Creating Inclusive Cohorts Training Program
Through collaboration between The RIGS Initiative, the Department of American Studies, and the Department of American Indian Studies, the American Studies graduate program has been awarded a “Creating Inclusive Cohorts” Training Program from the Graduate School Diversity Office, UMN. This award allows the American Studies graduate program to make first-year fellowship offers to six doctoral students entering the program in Fall 2019, in the field of critical indigenous studies.
This cohort will make a crucial impact throughout the university because the University of Minnesota is at the cutting-edge, the vanguard, of American Indian and Indigenous Studies internationally, our land-grant institution itself occupies indigenous lands, and the Twin Cities is home to one of the largest and most diverse urban indigenous communities in the US. To increase our cohort of under-represented graduate students who are working in critical indigenous studies would promote excellence and diversity throughout multiple university and local communities.
It is important to mention that there has been a long history of faculty excellence in the field of American Indian and Indigenous Studies, and with recent faculty hires, UMN is at an opportune moment to build on a long track record of training in this field. In fact, UMN has trained the third most American Indian and Indigenous Studies PhDs (50 since the late 1990s) in the country, and most of our graduates have gone on to academic employment. It is also crucial to mention that American Indians remain the single most underrepresented group in the ranks of academia.
Because the American Indian Studies Department does not yet have a graduate program, the majority of the indigenous students who have received PhDs in this subfield have come to the university through the American Studies Department. This department has been a beacon for diversity and excellence at UMN; it is internationally renowned for its pioneering research at the intersections of critical race studies and queer theory.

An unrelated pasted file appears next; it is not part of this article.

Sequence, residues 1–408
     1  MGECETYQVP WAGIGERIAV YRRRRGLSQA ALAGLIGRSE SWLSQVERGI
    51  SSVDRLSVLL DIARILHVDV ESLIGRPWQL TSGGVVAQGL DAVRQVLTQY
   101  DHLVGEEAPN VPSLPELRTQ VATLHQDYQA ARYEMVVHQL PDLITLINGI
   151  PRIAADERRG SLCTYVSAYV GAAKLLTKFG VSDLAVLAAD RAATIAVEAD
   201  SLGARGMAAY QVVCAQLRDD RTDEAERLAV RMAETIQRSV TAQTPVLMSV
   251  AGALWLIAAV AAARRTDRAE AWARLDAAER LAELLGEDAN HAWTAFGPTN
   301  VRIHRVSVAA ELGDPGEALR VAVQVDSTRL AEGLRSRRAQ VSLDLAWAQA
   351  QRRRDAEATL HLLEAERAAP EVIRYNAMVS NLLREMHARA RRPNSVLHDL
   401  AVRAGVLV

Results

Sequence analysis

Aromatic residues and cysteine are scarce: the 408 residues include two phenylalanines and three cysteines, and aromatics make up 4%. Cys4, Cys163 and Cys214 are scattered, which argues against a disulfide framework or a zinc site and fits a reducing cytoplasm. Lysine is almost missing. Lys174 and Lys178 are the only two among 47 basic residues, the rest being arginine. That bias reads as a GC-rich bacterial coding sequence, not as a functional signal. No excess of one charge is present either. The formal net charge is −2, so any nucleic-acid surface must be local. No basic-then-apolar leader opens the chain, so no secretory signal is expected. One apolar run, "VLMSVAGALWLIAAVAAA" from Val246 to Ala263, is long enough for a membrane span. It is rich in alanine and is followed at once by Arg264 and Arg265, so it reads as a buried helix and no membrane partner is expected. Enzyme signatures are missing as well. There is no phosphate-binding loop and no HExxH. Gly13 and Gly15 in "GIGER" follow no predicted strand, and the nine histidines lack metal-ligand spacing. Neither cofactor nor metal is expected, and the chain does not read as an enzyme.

With this award, we will be able to admit six PhD students through American Studies, train them through the American Indian Studies Department graduate minor, the RIGS graduate minor, as well as interdisciplinarily across multiple departments and programs. Given the critical mass of units who have expertise in studying native histories, settler colonialism, indigenous cultural and political resistance, sovereignty and repatriation, the recruited students will have multiple intellectual intersections throughout the university. This cohort will help to showcase the future of graduate education, which we believe will best occur through collective support, mentorship, and interdisciplinarity.
We are delighted to have this opportunity, and we urge you all to help us quickly spread the word to prospective graduate students who are broadly engaged with critical indigenous studies to apply to the Department of American Studies PhD program at the University of Minnesota by December 1, 2018.